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Few people have ever visited the long network of underground tunnels under the public baths of Caracalla, which date back to the third century AD and are considered by many archaeologists to be the grandest public baths in Rome. This underground network, which is due to be reopened in December, is also home to a separate structure, the largest Mithraeum in the Roman Empire, according to its director Marina Piranomonte. The Mithraeum has just reopened after a year of restoration work which cost the city’s archaeological authorities around €360,000.
To celebrate the reopening, Michelangelo Pistoletto has installed his conceptual work Il Terzo Paradiso (the third heaven), which he first presented at the 2005 Venice Biennale, in the gardens surrounding the public baths. The work, made of ancient stone fragments and pieces of columns arranged in a triple loop, represents the harmonious union of the natural and technological worlds, according to the artist. It will be on view until 6 January 2013.
Federico Castelli Gattinara and Ermanno Rivetti
The Art Newspaper
The Pantheon’s Dome: Five thousand tons of concrete and the sun.(Photo: Vanni / Art Resource, NY)
Visitors to Rome overwhelmed by all it has to offer—”the abundance of its pasts” in the words of the poet Rilke—can find relief with a stop at the Pantheon. Embodying the city’s pagan and Christian identities, the Pantheon is Rome in microcosm.
Built in the second century by the Emperor Hadrian as a temple to all the Roman gods, it is the only major work of Roman Imperial architecture still intact. It owes its survival to having been consecrated a Christian church (Santa Maria ad Martyres) in the seventh century, which placed it under papal protection.
The architect? Candidates range from Anonymous to Apollodorus of Damascus, designer of Trajan’s Column. Whoever he was, he created a work of soaring beauty that epitomizes the Roman revolution in architecture.
Seen from its north-facing front, the concrete-and-brick Pantheon consists of a pedimented entrance porch, a domed rotunda and a boxlike intermediate structure joining them. Their forms—triangle, hemisphere and rectangle—announce the underlying theme of pure geometry.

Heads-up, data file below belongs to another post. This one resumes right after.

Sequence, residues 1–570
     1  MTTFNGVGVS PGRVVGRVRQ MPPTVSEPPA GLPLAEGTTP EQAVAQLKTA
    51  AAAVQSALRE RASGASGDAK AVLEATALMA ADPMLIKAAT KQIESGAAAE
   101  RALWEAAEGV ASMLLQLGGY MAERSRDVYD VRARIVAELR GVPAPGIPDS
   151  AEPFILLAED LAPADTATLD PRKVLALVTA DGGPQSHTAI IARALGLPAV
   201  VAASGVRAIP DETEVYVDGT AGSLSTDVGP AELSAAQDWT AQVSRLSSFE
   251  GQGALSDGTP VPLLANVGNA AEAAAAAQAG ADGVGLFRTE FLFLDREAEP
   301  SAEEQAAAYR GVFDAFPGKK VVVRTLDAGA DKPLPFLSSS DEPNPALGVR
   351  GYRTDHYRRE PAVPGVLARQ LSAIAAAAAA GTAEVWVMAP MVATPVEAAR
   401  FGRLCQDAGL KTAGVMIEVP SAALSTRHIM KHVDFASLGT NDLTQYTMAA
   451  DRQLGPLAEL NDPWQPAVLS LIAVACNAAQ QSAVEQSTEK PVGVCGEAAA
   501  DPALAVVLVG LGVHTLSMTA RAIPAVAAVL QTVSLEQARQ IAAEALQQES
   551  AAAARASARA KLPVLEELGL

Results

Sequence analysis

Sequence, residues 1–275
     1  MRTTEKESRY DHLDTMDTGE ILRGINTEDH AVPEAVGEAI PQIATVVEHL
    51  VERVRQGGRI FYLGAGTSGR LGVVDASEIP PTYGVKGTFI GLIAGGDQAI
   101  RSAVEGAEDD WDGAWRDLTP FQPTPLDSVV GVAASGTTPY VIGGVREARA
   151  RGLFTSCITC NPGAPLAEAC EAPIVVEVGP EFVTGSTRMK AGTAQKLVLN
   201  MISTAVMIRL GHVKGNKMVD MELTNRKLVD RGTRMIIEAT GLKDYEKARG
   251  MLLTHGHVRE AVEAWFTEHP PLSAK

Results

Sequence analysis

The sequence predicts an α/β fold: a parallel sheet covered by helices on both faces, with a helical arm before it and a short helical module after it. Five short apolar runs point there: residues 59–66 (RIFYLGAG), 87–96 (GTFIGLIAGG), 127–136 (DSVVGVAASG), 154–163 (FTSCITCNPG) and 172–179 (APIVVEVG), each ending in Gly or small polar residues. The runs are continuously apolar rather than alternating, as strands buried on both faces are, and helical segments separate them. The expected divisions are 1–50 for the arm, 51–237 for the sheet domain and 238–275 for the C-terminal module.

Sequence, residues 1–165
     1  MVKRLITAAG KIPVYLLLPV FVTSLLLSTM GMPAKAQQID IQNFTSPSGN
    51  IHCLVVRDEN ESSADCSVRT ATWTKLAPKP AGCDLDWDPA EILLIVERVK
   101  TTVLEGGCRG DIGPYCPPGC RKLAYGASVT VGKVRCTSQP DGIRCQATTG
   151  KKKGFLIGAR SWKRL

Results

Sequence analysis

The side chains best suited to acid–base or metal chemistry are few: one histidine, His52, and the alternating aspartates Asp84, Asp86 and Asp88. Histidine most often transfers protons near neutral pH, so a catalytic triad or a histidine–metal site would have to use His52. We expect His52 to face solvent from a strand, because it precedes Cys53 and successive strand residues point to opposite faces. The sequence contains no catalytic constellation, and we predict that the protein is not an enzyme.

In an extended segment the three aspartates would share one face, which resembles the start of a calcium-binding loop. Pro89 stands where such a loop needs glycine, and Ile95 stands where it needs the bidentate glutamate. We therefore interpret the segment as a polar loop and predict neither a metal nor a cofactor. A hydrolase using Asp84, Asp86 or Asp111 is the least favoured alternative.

Inside, rising from a circle-and-square-patterned floor, the hemispherical coffered dome rests on a drum. The drum’s bottom level is ringed with tabernacles alternating with recessed spaces screened with columns, its upper one with blind windows and framed marble panels.
But it is what’s overhead that draws the gasps: the largest masonry dome ever built—142 feet in diameter and weighing five thousand tons—it is the paterfamilias of every structure like it erected since. At the top is one of the most famous features in architecture, the oculus. It focuses a circle of light into the Pantheon that, tracking the transit of the sun, passes slowly across the interior surfaces as the day progresses. This moving disc—glowing, silent, inexorable—transforms the Pantheon from bricks-and-mortar house of worship into an almost living thing.
Wall Street Journal
On a recent afternoon, a group of American diplomats gathered on Rome’s cobblestones with buckets and rollers, spreading peach-colored paint across the weather-beaten façade of a medieval storefront. Their mission: To cover up the swirls of graffiti lining one of Rome’s oldest neighborhoods.
“It’s just so sad and so devastating,” said Rebecca Spitzmiller, an American lawyer living in Rome, who donned rubber gloves and a dust mask. “We’re retaking Rome.”
Margherita Stancati and Stacy Meichtry
Wall Street Journal
Art experts in Rome are analysing what they believe is a previously unknown painting by the Italian Baroque master Caravaggio.
As his homeland marked the 400th anniversary of his death this weekend, the Vatican’s official newspaper L’Osservatore Romano published the newly discovered work on its front page. Depicting the martyrdom of St Lawrence, it was found recently among the possessions of the Society of Jesuits in Rome. It shows a semi-naked young man, his mouth open in desperation with one arm stretched out as he leans over flames. If the suspected provenance is confirmed, it would be the first painting by the Baroque genius to emerge since The Calling of Saints Peter and Andrew, which went on display two years ago.
The interior of Maxxi, the new contemporary art museum designed by Zaha Hadid, looking up from the lobby. (Photo: Roland Halbe)
What would Pope Urban VIII have made of Maxxi, the new museum of contemporary art designed by Zaha Hadid on the outskirts of this city’s historic quarter? My guess is that he would have been ecstatic.